Long-Term Care
A semi-private nursing home room in America costs about $85,000 a year. Family members often provide the ‘informal’ care, yet the bills can still stack up to astronomical amounts. It is crucial to plan everything out before a loved one can no longer take care of themselves.

People should start planning as soon as possible to avoid being caught unprepared. The issue arises from the notion that the individual personally may need long-term care. There could be an assumption that a loved one or spouse will provide the care. Unfortunately, life happens, and a solid plan is needed in case of divorce, death, or circumstance changes. For instance, many people do not believe they will personally need these services. It’s a myth that Medicare and Medicaid will cover the full amount. There are usually qualifiers such as asset levels, including what you have in your bank accounts.

How do people pay for long-term care? People should understand the available government programs such as Medicaid, Medicare, veterans’ benefits, and the Administration on Aging services. People need to understand the limitations on Medicare long-term care coverage and the asset requirements to qualify for Medicaid covered services.

Advertisement

Paying for Long-Term Care
Financing long-term care can be done through the purchase of long-term care insurance, which is specially designed to cover costs. However, insurance is not always a complete solution for financing. In some cases, it might be too expensive, not available, or just not right for the individual client.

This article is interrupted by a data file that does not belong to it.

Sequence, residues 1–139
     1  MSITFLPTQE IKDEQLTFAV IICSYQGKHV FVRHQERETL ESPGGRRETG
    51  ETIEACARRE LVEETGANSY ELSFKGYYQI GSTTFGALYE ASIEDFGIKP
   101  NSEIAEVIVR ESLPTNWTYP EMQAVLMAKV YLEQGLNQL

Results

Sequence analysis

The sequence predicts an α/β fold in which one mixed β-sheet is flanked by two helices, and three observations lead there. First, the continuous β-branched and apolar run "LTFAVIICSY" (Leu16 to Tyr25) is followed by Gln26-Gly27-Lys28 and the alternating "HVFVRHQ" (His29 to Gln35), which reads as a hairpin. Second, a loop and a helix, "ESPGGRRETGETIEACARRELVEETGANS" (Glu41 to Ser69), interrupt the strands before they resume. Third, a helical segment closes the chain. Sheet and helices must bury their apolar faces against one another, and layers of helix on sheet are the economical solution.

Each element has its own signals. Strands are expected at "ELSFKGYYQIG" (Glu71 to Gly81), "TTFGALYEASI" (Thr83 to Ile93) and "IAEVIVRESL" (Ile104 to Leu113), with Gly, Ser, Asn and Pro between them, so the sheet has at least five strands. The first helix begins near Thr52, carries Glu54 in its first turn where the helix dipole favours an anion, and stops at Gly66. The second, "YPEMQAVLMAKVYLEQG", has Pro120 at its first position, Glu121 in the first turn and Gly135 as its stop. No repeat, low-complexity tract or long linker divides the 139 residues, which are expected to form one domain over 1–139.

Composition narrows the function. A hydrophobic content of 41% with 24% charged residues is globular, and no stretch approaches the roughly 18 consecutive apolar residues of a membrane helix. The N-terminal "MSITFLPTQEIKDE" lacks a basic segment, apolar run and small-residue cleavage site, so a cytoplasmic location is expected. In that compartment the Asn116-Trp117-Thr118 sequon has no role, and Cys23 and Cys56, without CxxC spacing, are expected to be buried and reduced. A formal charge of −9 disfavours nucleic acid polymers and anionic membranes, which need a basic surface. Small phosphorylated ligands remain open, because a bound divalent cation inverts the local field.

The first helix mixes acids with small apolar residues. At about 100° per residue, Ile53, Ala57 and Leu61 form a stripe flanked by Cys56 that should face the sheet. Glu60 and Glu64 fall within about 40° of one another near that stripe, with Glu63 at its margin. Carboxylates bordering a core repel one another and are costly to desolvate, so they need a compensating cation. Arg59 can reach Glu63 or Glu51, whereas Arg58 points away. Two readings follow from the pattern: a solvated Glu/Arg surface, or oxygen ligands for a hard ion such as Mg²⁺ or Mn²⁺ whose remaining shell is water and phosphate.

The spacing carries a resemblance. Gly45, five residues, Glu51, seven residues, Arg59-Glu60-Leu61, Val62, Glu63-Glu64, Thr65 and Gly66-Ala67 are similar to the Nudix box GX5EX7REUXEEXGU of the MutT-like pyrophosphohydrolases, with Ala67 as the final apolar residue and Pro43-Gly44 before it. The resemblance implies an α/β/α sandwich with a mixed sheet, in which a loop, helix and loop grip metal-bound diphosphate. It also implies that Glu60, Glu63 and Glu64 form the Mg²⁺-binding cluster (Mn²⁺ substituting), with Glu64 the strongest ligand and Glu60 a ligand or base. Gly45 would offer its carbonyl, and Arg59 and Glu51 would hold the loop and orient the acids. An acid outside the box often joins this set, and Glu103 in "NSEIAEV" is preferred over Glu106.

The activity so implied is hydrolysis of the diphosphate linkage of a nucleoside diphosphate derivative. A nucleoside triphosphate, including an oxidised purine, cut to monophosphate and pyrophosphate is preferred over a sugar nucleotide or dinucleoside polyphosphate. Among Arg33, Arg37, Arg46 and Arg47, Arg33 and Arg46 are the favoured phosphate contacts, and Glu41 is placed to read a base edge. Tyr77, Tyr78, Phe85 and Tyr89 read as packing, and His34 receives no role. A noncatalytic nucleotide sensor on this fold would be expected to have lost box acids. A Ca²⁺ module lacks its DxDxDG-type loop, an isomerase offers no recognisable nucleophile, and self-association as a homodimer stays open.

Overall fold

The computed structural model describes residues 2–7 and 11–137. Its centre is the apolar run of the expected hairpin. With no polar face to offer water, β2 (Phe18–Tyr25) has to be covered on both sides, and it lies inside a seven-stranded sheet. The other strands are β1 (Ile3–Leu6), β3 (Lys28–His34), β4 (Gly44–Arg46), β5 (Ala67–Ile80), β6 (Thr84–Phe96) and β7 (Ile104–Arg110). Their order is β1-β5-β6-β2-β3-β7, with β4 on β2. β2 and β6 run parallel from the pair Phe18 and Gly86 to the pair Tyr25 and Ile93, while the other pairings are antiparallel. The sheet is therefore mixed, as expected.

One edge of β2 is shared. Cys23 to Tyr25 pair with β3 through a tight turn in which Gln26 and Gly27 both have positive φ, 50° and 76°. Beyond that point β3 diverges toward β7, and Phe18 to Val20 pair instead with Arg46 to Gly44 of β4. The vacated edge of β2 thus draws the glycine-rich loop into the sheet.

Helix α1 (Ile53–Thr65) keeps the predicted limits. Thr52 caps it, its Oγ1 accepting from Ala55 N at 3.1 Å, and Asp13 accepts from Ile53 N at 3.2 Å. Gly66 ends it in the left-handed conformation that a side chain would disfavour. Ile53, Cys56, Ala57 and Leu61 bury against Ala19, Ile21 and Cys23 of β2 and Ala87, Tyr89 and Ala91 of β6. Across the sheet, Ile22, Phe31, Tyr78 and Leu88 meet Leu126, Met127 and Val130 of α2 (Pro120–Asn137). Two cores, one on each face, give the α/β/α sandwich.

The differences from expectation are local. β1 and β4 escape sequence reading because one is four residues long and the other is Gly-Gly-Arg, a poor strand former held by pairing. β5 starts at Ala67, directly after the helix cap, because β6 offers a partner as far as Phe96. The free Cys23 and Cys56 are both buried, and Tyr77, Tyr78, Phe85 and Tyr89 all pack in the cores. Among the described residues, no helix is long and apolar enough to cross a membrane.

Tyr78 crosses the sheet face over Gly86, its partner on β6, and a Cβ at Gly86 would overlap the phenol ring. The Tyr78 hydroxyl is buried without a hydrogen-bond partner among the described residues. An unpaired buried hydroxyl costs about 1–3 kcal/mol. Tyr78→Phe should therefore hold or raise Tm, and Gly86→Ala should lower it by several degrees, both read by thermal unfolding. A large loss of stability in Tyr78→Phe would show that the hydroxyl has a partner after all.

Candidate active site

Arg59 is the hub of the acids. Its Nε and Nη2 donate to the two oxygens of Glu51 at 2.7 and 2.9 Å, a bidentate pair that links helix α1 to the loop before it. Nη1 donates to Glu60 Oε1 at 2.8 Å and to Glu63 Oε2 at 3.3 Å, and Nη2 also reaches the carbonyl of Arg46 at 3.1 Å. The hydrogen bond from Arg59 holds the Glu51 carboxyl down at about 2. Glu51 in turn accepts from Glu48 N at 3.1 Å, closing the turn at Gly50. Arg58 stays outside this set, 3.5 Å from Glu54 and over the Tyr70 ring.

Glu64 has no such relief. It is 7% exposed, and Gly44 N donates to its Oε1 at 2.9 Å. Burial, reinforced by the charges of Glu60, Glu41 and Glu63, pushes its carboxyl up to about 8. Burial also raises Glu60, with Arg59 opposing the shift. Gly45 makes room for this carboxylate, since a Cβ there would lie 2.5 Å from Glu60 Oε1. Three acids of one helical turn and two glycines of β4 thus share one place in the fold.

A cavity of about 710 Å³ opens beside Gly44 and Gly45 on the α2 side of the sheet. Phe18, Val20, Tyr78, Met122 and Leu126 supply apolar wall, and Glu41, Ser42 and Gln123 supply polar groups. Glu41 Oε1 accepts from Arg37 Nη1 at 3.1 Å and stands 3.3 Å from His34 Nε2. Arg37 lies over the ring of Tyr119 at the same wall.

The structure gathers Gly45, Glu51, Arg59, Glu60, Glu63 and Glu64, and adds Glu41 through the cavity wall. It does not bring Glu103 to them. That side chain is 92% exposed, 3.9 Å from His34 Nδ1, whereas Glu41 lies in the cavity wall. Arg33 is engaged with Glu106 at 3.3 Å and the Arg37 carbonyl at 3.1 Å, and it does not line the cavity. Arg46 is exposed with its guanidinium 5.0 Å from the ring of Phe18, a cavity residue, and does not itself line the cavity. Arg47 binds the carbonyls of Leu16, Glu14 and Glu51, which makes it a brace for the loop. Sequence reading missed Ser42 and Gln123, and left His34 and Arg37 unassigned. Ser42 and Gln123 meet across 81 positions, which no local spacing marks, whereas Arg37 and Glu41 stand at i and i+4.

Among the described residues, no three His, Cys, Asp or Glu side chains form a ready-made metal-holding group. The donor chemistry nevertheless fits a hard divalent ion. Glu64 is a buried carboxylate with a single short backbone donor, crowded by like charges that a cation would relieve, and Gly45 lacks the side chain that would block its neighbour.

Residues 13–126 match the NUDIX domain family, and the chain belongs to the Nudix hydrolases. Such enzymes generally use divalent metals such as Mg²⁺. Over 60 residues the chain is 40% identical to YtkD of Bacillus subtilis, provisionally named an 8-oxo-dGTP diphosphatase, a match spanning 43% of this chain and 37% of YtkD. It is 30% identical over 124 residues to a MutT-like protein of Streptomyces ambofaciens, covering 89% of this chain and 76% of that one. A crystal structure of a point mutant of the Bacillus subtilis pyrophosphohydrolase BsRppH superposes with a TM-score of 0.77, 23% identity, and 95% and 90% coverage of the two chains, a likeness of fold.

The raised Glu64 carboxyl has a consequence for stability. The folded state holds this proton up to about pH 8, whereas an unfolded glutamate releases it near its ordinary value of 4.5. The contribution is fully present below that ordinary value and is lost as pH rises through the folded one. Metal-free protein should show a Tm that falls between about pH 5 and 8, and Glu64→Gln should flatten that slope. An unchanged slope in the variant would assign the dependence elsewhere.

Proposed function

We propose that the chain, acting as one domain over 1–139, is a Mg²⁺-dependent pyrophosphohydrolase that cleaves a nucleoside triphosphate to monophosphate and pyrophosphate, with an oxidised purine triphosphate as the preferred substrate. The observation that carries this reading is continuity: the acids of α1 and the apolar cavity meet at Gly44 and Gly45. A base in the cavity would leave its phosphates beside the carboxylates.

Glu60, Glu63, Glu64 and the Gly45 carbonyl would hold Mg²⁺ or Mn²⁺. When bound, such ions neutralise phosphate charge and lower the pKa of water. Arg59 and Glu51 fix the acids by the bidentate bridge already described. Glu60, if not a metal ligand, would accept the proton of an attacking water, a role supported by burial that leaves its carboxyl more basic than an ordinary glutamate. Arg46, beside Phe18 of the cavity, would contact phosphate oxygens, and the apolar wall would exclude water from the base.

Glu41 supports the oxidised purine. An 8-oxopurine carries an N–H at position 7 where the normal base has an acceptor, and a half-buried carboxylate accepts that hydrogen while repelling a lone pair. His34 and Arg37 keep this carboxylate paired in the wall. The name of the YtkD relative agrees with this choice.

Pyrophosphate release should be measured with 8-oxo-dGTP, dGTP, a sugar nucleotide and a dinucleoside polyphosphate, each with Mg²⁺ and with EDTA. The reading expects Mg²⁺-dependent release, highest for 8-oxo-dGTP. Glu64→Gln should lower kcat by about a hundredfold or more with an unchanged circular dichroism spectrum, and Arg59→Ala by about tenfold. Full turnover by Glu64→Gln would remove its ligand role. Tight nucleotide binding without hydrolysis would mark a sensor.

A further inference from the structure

Cutting Some Meat From the Sandwich
Look into alternatives such as sharing caregiving duties with another relative or loved one. Perhaps the aging parent can stay with another family member on weekends or on designated days.

If there is a college-aged child living at home, see if they can go to a two-year college or a public college that is cheaper in cost than a private one. Help your child by looking at scholarships, grants, and work-study programs that could help with covering some of the costs. This is also a great way to teach your son or daughter how to be responsible and independent.

Think about ways to decrease your own debt such as downsizing to a smaller home or combining home assets with the parent. Taking care of others is a wonderful thing. Being smart and financially sound will help decrease stress and allow families to enjoy time together.

Advertisement

See Also: 10 Most Tax-Friendly States for Retirees

Marguerita M. Cheng is the Chief Executive Officer at Blue Ocean Global Wealth. Marguerita is a spokesperson for the AARP Financial Freedom Campaign and is often featured in national publications. As a CFP Board Ambassador, Marguerita helps educate the public, policy makers, and media about the benefits of competent, ethical financial planning. She proudly serves on the FPA National Board of Directors and is a frequent speaker on on financial planning, Social Security, diversity, elder care, and retirement.

Comments are suppressed in compliance with industry guidelines. Our authors value your feedback. To share your thoughts on this column directly with the author, click here.

This article was written by and presents the views of our contributing adviser, not the Kiplinger editorial staff.